‘Infinity Train’ tackles issues many kids shows avoid. The creator is proud of that
Tulip Olsen just wants to get to game design camp. But her journey takes a weird turn when she hops on a mysterious train, meets a spherical robot and discovers she has a glowing number on her hand.
Created by Owen Dennis, “Infinity Train” follows Tulip as she tries to figure out a way off the train — and why the number on her hand is changing. All 10 episodes of the animated series are airing this week on Cartoon Network, nearly three years after the pilot short debuted online.
“It’s a kids’ mystery-horror-comedy-science-fiction show,” Dennis told The Times. “It deals a lot more with issues that a lot of shows — especially for kids — might not lean towards dealing with.”
“Infinity Train” stands out because it does lean into those issues. As much as it is a series about this mysterious train where each car contains a completely unique world, it’s also a story about a girl who is dealing with aspects of her life that are just beyond her control.
Even before she becomes trapped on a big, weird train, Tulip is frustrated with her parents, their divorce and how it has affected her. Part of why she ends up on the train to begin with is because a miscommunication left Tulip with no way to get to the game design camp she was so looking forward to.
Adapting to the different train cars to figure out how to get to the next one seems almost easier in comparison to some of the real-life changes Tulip has been adjusting to.
According to Dennis, everything started with the feeling of waking up in an unsettling space.
He traces “Infinity Train’s” origins to a 2010 return flight to the U.S. from China, where he was working as an English teacher.
“There’s this part of the ocean that’s really big and quiet, and it’s very still,” said Dennis. “The plane was flying over that section and I’d woken up. I looked around, and there were a bunch of people staring into screens in the dark in this quiet room. I thought this was kind of creepy. And it sort of started from there.”
After deciding on having a train be this unsettling environment, some of the other pieces started falling into place.
“I started thinking about what kind of person would grow the most from being a place where every single train car is a different experience, a different everything all the time,” said Dennis. “What sort of things can you learn from having to do that?”
“Infinity Train’s” Madeline Queripel, left, Owen Dennis, Ashley Johnson, Ernie Hudson and Jeremy Crutchley at San Diego Comic-Con.
According to Dennis, Tulip’s love of STEM and science developed after some women from Google visited Cartoon Network to talk about their experiences.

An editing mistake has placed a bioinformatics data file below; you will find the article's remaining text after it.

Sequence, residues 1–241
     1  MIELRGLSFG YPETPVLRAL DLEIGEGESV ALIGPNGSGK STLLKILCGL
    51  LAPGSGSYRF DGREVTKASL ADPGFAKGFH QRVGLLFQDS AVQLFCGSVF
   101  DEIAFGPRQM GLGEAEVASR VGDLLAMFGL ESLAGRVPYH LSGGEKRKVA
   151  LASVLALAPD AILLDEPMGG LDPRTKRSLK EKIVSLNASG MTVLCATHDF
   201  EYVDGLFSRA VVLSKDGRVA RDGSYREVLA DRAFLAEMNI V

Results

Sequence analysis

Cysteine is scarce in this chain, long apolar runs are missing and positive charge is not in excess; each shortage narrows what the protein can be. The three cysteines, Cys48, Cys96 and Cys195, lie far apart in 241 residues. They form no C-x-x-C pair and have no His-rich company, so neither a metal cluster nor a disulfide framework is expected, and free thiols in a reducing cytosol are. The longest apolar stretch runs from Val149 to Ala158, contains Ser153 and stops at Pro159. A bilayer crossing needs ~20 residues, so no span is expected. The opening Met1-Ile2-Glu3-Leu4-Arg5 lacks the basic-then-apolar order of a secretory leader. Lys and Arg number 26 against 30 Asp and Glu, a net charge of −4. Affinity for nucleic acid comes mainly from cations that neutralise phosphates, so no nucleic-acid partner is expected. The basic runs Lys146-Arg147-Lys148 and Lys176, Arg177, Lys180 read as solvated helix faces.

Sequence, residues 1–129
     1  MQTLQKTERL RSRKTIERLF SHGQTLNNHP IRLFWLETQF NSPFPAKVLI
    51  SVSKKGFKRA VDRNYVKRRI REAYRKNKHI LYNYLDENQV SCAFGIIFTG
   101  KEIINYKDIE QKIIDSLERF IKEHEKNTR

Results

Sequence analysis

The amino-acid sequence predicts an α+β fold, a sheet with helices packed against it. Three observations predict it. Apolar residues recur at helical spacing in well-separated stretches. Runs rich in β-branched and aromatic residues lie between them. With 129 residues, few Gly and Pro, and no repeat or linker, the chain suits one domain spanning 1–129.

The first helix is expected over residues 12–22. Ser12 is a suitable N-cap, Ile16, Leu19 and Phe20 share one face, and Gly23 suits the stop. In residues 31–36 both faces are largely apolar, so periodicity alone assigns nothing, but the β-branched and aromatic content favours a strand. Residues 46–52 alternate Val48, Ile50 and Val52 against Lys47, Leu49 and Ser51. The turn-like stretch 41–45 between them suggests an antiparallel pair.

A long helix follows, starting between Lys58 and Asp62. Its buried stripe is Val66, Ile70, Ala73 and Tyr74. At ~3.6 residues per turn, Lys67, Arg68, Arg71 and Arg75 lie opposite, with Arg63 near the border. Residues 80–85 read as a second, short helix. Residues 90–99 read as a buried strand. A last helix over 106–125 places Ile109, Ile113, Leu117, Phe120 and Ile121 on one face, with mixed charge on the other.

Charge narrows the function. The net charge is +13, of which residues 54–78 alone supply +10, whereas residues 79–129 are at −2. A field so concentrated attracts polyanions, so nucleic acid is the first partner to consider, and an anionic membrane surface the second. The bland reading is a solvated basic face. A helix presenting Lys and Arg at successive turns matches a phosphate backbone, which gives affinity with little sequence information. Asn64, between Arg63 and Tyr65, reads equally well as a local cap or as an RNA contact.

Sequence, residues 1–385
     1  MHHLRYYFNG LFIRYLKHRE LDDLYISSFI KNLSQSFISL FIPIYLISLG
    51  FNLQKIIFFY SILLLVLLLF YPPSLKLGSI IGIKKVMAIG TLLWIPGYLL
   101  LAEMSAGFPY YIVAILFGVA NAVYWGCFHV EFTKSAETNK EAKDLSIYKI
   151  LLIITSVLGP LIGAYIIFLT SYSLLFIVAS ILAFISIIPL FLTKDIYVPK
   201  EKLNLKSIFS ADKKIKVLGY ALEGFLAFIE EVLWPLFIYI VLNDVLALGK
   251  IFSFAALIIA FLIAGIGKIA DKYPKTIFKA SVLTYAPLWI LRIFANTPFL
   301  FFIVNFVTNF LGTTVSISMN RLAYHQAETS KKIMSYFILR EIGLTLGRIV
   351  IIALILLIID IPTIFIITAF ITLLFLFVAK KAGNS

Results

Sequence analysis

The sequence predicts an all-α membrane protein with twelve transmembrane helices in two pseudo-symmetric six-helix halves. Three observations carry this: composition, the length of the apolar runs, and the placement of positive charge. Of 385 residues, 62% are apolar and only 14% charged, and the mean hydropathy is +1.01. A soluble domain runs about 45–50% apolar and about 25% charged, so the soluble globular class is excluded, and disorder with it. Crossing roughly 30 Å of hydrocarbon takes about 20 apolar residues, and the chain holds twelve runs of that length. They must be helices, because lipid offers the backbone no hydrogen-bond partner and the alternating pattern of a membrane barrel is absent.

“Everything they were describing, all the feelings that they had, I thought, ‘Oh, that’s Tulip. You’re describing the character I’ve been working with and have been trying to figure out for a while now,’” said Dennis. “So I thought, well, she should just do what they all are doing. It made a lot of sense because it just fit well.”
Tulip’s affinity for the sciences stands out at a time when people are increasingly aware of how women have continually been underrepresented in science and engineering work. But for Dennis, it made sense for Tulip because he grew up around women involved in science.
“My mom was a botanist and my girlfriend is a chemist,” said Dennis. “And her friends are scientists, and my mom’s friends were scientists and engineers. Growing up, that’s what scientists and engineers were in my head. They were women.”
Joining Tulip as she tries to make her way through the train is One-One, a spherical robot with two personalities, and Atticus, a royal corgi. The characters who stand in her way are a cat and the mysterious Steward.
Inspired by the song “My Friend Dario” by Vitalic and art by Lucian Stanculescu, the Steward was just something Dennis drew while on vacation in the mountains.
“It wasn’t ever supposed to be a part of ‘Infinity Train,’ ” said Dennis. But as he was thinking about having something that would threaten the corgis in the pilot, he remembered “that creepy robot thing” that he drew.
“I popped that in there, and it seemed to work really well because it was so different from everything we’ve seen up to that point,” said Dennis. “I feel like people get very startled by it, but I feel like most of the fear that people have is because it’s so different-looking.”
He added: “It’s not so much because it is a scary-looking thing. It’s the difference, the contrast that is so startling. I think that’s a fun aspect of the Steward.”
The Steward definitely helps add to “Infinity Train’s” unsettling vibe. And the show itself balances comedy and mystery while threading in reminders of Tulip’s family drama.
“Everybody’s kind of looking at the show for different things,” said Dennis. “Some people want this big mystery thing. Some people want a family drama. Some people want just pure comedy. It’s all over the place. I just hope that whatever it is that people were looking for from the show, they can get that.”
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